We’re living in the world of changes. Or it was always that way, but now everything is getting faster, more convenient, more available. Seemingly nicer or/and more stressful. But changes are not necessarily bad, they’re just necessary, inevitable.
I have this dual feeling when it comes to changes. On one hand, I like them. When they’re already in process and the result presumably will be something better. But on the other hand, I hate them. When I don’t see what will be happening. You know, when you have to risk just because what you have that very moment is really not good for you. Well, yes, I’m not the (wo)man of risks, I prefer playing safe, consider everything in advance. Preparing myself to every possible outcome. Or not. There’s an other, not so nice, but very human behaviour: digging heads in the sand, avoiding that inevitable change as far as possible. Which is the worst thing but still, very human.
But you know what they say: It never happened that something didn’t happen. There always will be an other day with new chances and new challenges. And when you’re optimistic enough, you can see it, shining brightly. But you cannot be optimistic all the time, can you? Anyways, we can do only thing: remain calm and adapt to the new situation.
Some annoyingly clever thoughts. 🙂
Of course it’s always easier when you’re not in the middle of changes, when you’re just an outsider, just listening what’s happening there. And the changes in the fashion world are not so fast and not necessarily bad. At least for us, customers. In this very moment.
What can be seen right now, that everything what was working for decades, is not working anymore. The world become fast and small. We can see the collections right after the shows. We can buy everything from the internet from all over the world. We got bored before the actual season comes in real life. So these collections go unconcerned almost right away. But we need the next impulses, so now there are 4 fashion shows per year.
- In February/March the main Fall/winter RTW collection (–> will come in August)
- In May/June the Resort/Cruise/Pre Summer collection (–> in November)
- In September/October the main Spring/summer RTW collection (–> in February)
- In December/January the Pre Fall collection (–> in May)
And it starts over and over again. Without a small pause. Because economy couldn’t stop, brands and fashion houses need to sell all the time. And on the other side, customers need fresh new things to buy all the time. Demand-supply, demand-supply, demand…
I told you before and I still think that Cruise shows are not really Pre-Summer shows anymore, and let me explain why. Originally Cruise or Resort or Pre-Summer shows targeted the wealthier people who could go on a vacation in the middle of the winter (cruising for example :)). That’s why we have/had fashion shows full with summery clothes in the middle of summer (shocking!), so the customer can buy them in the end of the fall, just to be ready in the middle of winter. Right after the presentation of the next year’s Spring/Summer collection which go upon the shelves and hangers in the end of winter. Right after the presentation of the next fall/winter collection. Crazy, right?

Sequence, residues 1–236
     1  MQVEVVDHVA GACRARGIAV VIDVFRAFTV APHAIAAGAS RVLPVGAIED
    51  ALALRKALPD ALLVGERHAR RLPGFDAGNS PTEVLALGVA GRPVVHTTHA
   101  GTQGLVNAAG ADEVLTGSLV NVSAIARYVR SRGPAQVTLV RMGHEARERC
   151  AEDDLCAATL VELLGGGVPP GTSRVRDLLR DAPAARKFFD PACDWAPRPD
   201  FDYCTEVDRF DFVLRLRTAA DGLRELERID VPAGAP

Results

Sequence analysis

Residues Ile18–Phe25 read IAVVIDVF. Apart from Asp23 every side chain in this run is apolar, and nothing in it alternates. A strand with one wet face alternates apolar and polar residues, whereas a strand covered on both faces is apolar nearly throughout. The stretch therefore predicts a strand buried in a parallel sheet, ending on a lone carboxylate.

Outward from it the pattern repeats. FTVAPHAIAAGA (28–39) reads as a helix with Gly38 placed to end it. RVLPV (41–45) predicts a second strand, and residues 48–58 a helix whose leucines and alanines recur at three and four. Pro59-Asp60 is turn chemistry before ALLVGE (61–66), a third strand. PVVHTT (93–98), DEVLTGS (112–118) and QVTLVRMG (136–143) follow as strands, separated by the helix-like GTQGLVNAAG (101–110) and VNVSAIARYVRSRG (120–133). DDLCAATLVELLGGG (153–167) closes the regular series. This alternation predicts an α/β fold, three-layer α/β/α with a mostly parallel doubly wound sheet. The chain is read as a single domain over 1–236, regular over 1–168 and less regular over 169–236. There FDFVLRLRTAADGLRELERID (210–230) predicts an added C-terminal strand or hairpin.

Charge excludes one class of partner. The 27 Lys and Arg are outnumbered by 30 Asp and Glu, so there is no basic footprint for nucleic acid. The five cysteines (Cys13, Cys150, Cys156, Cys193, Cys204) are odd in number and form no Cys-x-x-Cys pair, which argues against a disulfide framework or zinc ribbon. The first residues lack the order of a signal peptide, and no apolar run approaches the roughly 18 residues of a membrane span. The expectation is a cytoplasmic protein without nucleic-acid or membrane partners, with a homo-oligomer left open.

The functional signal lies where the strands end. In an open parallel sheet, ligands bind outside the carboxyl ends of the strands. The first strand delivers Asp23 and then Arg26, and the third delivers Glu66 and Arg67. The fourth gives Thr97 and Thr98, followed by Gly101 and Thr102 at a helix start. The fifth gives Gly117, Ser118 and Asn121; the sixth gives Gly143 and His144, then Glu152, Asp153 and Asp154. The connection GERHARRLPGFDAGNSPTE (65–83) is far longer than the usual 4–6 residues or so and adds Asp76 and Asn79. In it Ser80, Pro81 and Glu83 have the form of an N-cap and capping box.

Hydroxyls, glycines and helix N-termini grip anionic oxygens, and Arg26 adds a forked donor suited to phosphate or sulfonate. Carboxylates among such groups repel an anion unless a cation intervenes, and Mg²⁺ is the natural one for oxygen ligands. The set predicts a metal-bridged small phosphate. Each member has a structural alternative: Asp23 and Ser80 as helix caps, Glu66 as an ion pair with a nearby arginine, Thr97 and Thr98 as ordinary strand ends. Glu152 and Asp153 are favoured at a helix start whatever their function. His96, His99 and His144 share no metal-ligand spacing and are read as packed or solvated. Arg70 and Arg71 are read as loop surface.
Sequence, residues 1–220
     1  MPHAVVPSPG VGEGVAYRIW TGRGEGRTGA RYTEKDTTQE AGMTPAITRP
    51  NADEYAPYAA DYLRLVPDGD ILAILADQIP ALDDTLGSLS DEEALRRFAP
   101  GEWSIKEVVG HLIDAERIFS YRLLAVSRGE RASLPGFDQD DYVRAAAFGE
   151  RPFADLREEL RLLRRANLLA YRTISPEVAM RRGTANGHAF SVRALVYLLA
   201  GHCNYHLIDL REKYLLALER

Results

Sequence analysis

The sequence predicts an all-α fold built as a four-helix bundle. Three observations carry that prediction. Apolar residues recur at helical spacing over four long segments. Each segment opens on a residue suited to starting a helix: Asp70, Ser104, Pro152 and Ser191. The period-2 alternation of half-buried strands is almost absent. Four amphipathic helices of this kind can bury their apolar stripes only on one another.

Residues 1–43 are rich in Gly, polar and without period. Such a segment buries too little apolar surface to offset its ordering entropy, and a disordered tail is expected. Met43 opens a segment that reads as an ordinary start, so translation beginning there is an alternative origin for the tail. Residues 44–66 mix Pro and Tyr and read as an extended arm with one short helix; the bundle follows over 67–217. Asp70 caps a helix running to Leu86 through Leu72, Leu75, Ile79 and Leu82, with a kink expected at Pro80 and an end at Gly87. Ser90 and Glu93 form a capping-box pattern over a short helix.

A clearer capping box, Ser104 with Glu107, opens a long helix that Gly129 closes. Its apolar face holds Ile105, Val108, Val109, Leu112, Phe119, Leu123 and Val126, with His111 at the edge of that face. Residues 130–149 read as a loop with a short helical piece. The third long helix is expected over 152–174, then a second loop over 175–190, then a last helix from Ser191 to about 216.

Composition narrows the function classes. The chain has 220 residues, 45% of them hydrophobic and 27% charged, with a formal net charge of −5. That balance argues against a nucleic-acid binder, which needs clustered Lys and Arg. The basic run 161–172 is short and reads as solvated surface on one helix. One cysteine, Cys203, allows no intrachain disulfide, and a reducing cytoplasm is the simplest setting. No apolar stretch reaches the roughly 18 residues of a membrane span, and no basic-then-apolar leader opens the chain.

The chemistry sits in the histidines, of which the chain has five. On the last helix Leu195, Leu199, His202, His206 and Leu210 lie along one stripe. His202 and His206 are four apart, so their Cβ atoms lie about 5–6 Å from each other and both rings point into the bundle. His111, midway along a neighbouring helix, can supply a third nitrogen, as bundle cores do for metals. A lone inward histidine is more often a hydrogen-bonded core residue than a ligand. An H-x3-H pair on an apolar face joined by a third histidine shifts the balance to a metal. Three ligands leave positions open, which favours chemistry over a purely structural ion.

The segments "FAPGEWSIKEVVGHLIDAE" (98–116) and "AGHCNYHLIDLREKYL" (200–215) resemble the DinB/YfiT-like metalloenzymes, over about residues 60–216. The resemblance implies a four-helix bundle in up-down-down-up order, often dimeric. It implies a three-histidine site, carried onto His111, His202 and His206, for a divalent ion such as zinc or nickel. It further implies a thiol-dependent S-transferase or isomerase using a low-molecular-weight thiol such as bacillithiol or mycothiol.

Where Pre-Summer collections where about summer clothes (too).
But now, as things are slowly changing, and the collections are more and more available for everybody on the internet as an inspiration source at least, these pre collections are slowly becoming the main ones. At least from the brands point of view. Usually they spent more money on them too. Why? Because they’re spending more time (resort collections from November to June) on the shop floor without any marking down. While the ‘main’ S/S collections are available from February to June. Time is money, friend.
But who needs summer clothes in the middle of the winter, right? I mean if we don’t count those wealthier people, who buy brand new designer clothes for going on winter vacation. The rest of the people need clothes for fall and winter, but wait, the wealthy people need those clothes too. So back to square one, basically everybody needs them. And that’s exactly why we have more and more collection, and that’s why these collections are not so much about summer/vacation clothing anymore, and they offer more and more fall-wintery items as well.
Where that summer thing it’s not too obvious anymore. On the contrary.
So what does this all mean? For wealthier, trend-driven people this is probably the Nirvana. They get new things all the time without any problem. For me, who is pretty interested, but has and knows her limits, it’s fine because I have more inspiration all year around, even though I don’t think I spend more. However, for the fashion houses and the designers this no pause thing could be crazy. After all, this is a creative job, when you have to do your best all the time. But creative minds don’t work by command. And they especially don’t work without pause, without charging up. At least not on the long term. And that’s why designers leaving these fashion houses all the time, and fashion houses are on the hunt for talented, new designers.
What’s the solution then? Well, the process has definitely started, and I think this will go on for a while and people will be adapting to it on both of the sides. There will be more and more season neutral collection and probably the main collection will loose the main title, while pre collections are getting closer and closer to the ‘main’ ones, and eventually there will be 4 name-wise equal of them. At this point, I’m not sure whether one or two of them will disappear but I don’t think it’s totally impossible. However, knowing our economy system, there’s just a teeny-tiny chance for it.